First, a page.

Healthy food convenience perception scale includes three questions on the perceived convenience of selecting, preparing, and serving healthy food options. Caregivers were asked to provide their level of agreement with a series of statements (e.g., healthy food is inconvenient to prepare), with a higher score indicating greater perceived convenience of healthy foods. Scores had a possible and actual range of −3 to 3, and a mean of +1.9 (s.d. = 1.7, α = 0.75).
Caregiver healthy food consumption scale includes previous 30-day consumption frequency for 13 different low-sugar and/or high-fiber foods that were promoted as part of the HFH program. Respondents were provided with eight frequency categories ranging from “never in past 30 days” to “two times a day or more,” which were converted into number of times a month. Scores had a possible range of 0–780, with an actual range of 0–390, and a mean of 64.6 (s.d. = 67.6, α = 0.77).
Material style of life (environment, SCT) scale was developed as a proxy for socioeconomic status. Respondents were asked to list the number of seven household items they owned in working condition (e.g., computer). Scores had a possible and actual range from 1 to 7 with a mean of 4.7 (s.d. = 1.1, α = 0.51).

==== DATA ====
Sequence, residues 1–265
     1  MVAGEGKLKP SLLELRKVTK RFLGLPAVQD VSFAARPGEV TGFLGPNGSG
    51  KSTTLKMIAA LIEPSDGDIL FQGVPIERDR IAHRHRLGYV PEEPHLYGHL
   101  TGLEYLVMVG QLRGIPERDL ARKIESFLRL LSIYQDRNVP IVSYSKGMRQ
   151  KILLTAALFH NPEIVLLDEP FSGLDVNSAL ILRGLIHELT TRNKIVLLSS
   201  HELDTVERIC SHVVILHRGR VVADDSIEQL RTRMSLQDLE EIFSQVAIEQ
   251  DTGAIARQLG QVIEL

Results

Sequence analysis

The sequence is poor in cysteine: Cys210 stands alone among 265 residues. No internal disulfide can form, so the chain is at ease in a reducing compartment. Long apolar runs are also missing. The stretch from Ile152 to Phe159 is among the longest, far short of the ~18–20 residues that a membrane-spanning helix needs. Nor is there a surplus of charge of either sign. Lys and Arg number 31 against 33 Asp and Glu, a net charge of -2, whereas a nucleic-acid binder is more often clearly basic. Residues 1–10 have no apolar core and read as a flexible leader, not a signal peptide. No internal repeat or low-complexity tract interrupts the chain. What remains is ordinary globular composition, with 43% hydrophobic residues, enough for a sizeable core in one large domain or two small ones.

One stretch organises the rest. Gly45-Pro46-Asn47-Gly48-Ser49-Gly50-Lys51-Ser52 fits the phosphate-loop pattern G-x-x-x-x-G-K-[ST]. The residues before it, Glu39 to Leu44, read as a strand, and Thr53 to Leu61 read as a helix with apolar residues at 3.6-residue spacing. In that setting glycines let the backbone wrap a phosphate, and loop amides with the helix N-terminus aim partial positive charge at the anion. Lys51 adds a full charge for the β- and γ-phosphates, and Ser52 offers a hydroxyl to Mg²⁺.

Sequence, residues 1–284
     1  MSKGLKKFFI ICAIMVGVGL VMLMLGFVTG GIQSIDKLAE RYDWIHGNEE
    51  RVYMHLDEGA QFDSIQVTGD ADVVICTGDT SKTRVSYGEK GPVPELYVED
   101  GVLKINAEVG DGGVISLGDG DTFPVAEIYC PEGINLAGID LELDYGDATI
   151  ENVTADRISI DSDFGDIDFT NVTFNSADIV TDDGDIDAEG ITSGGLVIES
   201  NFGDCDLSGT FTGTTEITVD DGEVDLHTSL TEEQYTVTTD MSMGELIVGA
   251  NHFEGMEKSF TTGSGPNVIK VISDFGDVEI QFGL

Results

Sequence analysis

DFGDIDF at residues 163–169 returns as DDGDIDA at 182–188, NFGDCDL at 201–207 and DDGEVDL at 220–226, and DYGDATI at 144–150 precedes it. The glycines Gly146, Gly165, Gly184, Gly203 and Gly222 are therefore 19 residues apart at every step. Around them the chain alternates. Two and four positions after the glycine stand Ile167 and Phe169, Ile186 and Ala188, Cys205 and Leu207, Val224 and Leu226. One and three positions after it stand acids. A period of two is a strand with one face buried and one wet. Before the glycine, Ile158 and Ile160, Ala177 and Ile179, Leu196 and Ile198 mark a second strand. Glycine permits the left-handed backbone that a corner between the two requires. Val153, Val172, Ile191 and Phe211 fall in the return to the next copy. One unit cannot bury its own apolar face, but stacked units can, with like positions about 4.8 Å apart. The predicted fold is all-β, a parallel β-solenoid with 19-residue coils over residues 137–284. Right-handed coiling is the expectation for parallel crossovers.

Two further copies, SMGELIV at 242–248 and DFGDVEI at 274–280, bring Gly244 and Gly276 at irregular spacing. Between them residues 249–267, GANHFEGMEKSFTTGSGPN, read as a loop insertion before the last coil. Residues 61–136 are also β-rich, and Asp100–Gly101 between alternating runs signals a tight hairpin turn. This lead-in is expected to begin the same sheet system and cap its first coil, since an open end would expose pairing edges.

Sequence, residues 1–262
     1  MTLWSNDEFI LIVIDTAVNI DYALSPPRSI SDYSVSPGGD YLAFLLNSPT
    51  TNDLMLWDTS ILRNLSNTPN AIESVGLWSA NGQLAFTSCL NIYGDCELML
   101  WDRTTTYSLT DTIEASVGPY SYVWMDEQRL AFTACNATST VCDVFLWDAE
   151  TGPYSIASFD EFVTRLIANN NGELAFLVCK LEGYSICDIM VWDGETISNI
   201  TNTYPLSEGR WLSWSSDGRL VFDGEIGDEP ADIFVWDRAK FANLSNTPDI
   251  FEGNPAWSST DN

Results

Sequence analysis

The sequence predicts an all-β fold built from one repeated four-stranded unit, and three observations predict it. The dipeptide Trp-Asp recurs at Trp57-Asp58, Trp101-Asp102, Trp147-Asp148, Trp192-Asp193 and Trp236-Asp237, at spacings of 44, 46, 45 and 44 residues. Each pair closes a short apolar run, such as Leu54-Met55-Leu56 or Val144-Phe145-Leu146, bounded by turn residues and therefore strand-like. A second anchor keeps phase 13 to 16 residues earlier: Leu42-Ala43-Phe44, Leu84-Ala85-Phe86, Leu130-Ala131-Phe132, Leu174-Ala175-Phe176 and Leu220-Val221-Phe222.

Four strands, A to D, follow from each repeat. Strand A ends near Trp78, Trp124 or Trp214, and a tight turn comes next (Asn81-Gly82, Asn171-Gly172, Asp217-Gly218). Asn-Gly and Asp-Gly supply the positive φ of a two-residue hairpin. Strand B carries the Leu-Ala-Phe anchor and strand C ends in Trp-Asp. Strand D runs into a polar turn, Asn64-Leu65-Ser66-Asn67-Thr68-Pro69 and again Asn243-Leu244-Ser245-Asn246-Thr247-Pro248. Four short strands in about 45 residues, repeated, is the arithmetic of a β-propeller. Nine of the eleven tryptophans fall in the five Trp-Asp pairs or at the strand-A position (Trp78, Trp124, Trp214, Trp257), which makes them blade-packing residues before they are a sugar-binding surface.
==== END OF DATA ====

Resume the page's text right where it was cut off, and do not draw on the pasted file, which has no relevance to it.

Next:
Child healthy food knowledge identification scale assessed the focal child's ability to identify which of two foods is healthier (e.g., frosted flakes vs. Cheerios). Seven questions were included in the final scale, with correct answers each given one point. Scores had an possible and actual range from 0 to 7 with a mean of 5.0 (s.d. = 1.7, α = 0.61).
Child healthy food intentions assessed the focal child's predicted choice among three different foods. If the lower fat, lower sugar, and/or higher fiber option was chosen, the child received a point. Scores had a possible and actual range from 0 to 12 with a mean of 7.5 (s.d. = 3.1, α = 0.60).